They're not dead yet: A version of that line from Monty Python and the Holy Grail
could apply to legacy modems put into service before the cable industry adopted the Data Over Cable Service Interface Specification.
While some operators have initiated programs to replace these older modems with new, features-hip DOCSIS units, others are content to keep them going — for now.
Recently, AT&T Broadband announced a program to replace legacy modems at no charge to subscribers. Plans are to switch off the last legacy modems in AT&T territories sometime in 2003.
Merger partner Comcast Corp. has already reached that point. It escorted all of the legacy modems from its network as of last week, according to vice president of operations and technical support Mitch Bowling. Legacy-modem customers accounted for about 6 percent of Comcast's customer base.
"To us, this is something we wanted to do, to provide our customers the ability to take advantage of new services as they are developed, and that can really be done on the DOCSIS platform," Bowling said.
Comcast won't divulge the total cost of the project, though it did involve sending each legacy customer a modem free of charge. Comcast also offered a technical support line for customers who ran into problems while installing the new equipment.
"The effort for the customer was minimal — simply unscrew one modem and connect the other — and we provided them a number to call if they needed to," Bowling noted. As a result, "we've had very little, almost nonexistent issues."
Going forward, Comcast's system chiefs will make the call on what to do with the freed-up channel.
"It is a local-market decision," Bowling said. "Depending on those markets, it could be used for video services, it could be used for future growth of [high-speed-data] services. Quite frankly, there is not a standard, cookie-cutter answer for that question."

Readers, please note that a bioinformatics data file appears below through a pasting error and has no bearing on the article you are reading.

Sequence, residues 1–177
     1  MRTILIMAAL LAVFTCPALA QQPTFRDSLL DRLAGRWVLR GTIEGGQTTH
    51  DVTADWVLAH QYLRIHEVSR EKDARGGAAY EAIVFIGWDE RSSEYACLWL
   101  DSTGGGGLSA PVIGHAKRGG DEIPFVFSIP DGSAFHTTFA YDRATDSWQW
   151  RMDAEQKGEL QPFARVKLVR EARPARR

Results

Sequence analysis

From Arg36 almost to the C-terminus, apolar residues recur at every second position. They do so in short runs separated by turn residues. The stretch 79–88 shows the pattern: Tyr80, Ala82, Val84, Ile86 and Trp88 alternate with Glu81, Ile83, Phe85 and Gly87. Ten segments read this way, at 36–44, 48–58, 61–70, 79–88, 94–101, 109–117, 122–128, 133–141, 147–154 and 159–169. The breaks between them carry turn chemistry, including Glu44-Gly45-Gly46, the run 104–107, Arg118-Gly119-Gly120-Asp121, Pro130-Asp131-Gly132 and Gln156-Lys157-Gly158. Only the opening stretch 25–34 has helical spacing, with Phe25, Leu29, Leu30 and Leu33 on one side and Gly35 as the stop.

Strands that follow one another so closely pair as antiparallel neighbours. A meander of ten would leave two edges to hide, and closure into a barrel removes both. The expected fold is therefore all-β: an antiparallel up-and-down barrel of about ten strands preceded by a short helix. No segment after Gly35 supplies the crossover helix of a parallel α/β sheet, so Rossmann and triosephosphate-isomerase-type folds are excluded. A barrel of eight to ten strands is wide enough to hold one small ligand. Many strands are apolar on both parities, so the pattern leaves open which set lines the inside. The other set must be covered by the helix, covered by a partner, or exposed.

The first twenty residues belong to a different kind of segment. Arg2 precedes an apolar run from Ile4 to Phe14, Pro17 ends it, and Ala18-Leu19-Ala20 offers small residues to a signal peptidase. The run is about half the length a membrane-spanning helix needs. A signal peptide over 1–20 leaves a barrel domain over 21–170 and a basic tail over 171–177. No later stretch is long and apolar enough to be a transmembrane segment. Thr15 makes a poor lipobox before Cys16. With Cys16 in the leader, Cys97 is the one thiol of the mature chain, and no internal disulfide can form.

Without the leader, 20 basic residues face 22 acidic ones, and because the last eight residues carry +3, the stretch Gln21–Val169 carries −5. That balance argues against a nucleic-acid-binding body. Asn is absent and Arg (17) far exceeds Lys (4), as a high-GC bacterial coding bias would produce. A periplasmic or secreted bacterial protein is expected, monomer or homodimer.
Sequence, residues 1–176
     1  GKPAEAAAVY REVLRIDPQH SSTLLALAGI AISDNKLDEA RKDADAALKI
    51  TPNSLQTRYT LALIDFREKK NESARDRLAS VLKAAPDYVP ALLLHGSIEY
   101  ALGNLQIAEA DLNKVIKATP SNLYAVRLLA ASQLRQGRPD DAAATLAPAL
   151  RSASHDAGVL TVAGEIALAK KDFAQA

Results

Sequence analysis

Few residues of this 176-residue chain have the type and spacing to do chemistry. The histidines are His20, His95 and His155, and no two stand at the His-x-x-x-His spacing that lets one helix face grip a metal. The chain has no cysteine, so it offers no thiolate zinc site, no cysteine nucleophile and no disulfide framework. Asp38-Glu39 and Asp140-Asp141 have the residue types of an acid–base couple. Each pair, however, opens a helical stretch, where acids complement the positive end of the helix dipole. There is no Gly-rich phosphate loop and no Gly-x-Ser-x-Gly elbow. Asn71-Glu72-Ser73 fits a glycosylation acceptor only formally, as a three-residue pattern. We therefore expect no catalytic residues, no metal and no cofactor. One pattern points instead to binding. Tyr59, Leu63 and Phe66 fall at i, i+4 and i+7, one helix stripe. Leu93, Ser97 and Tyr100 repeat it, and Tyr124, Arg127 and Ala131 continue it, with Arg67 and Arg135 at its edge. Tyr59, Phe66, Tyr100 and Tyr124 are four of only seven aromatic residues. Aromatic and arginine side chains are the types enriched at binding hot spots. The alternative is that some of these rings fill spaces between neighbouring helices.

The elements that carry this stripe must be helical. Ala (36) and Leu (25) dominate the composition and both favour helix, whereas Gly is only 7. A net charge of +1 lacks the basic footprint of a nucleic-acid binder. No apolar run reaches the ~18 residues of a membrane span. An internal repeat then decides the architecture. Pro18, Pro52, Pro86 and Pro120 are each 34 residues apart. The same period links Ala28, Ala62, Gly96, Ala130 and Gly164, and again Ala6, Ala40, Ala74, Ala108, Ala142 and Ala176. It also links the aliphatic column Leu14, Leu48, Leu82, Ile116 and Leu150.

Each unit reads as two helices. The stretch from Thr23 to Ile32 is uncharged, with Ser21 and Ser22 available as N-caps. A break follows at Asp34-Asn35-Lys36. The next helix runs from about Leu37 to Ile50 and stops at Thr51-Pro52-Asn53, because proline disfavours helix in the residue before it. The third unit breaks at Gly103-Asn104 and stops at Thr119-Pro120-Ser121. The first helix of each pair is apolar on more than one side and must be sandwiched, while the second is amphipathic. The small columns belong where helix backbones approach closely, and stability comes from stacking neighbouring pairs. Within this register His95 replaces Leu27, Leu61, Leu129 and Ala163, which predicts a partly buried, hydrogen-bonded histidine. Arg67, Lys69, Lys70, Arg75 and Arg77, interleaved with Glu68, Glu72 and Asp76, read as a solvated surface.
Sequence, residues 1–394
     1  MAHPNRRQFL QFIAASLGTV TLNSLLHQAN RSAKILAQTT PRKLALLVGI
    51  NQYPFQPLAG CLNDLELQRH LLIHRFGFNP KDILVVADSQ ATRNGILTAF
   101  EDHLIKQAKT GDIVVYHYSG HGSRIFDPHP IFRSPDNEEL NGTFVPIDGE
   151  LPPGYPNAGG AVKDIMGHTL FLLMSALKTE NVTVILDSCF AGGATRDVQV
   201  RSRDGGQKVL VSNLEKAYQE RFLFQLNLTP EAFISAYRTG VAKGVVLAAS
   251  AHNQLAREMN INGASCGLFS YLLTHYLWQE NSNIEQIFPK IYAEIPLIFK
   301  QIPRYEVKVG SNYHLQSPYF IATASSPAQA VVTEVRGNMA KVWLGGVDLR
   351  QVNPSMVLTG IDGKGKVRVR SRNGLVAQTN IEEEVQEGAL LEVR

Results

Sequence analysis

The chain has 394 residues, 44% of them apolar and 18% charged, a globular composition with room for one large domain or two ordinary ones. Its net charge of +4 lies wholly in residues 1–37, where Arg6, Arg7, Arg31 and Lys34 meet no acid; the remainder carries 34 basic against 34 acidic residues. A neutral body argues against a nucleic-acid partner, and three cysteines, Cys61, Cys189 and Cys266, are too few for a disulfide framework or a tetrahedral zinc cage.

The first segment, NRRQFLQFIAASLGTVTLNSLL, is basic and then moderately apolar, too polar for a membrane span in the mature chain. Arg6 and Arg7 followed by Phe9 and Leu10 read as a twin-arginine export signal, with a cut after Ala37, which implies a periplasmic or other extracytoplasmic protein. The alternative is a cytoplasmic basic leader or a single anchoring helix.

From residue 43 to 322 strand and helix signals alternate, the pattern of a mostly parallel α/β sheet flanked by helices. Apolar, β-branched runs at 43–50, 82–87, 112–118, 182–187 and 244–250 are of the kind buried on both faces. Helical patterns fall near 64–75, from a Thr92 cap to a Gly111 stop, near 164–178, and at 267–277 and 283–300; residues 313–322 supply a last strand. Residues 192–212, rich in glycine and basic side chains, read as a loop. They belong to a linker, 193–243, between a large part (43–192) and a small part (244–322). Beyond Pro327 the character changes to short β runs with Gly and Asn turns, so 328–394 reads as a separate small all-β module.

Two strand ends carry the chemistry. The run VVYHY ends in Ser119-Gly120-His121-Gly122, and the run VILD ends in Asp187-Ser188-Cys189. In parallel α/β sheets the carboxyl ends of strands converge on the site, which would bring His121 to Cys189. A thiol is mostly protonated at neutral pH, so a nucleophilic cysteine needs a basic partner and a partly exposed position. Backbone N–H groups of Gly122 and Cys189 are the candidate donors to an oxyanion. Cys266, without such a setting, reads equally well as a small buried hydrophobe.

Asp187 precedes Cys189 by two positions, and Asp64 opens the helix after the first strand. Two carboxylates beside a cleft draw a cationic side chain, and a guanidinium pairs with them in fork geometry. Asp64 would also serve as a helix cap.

Replacing legacy modems also is underway in Charter Communications Inc.'s territories. Legacy modems make up about 4 percent of the MSO's base of high-speed installations, mostly in acquired territories or systems once served by defunct Internet-service provider High Speed Access Corp., according to spokesman Andy Morgan.
But other MSOs are in no hurry to yank out the legacy modems, particularly in an economy that favors making the most of existing infrastructure. That includes Time Warner Cable, which has about 175,000 to 180,000 legacy Motorola Inc. modems among its 2.3 million cable-modem homes, according to spokesman Mark Harrad.
The MSO migrated to the DOCSIS platform about two and a half years ago, and has bought only DOCSIS modems since then. There are still legacy modems in a handful of TWC's 34 divisions, though.
While the legacy modems are being gradually phased out, in some cases the older modems may still be in use to conserve capital, according to Harrad.
Another operator not looking to eliminate existing legacy modems from its systems is Cox Communications Inc. While the MSO won't say how many legacy modems it feeds, they still play a role for the Atlanta-based company, according to director of marketing for residential data service Steve Gorman.
"The reality of it is, as we think about leveraging the capital dollars that have already been deployed, this is a perfect place to do it," he said. "They will remain in the field for as long as they are viable, or [until] we can put together some sort of incremental logic to bring them out."
For instance, a modem would be swapped if a customer wanted to upgrade to a future DOCSIS-dependent service, such as IP telephony. But for now, some Cox systems are still handing out legacy modems to new customers as part of a package of bundled services, Gorman noted.
Each Cox system can make its own call as to whether to retain legacy gear or upgrade to a DOCSIS-only system, said Gorman. In many cases, it's better business to retain parallel channels than to deploy a new service on the old legacy channel, he said.
"I think the question you have to ask yourself as an operator is, 'Is the effort and expense required to remove those proprietary modems and cable routers from the plant — are you indeed able to replace the current operating cash flow that that gear currently brings into your business with a freed-up 6 megahertz channel?" he said. "We are all for doing the right thing for our plant, and doing the right thing for the future, but we are also very focused on today's economics and the economic environment, and making sure that we continue to utilize capital intelligently."
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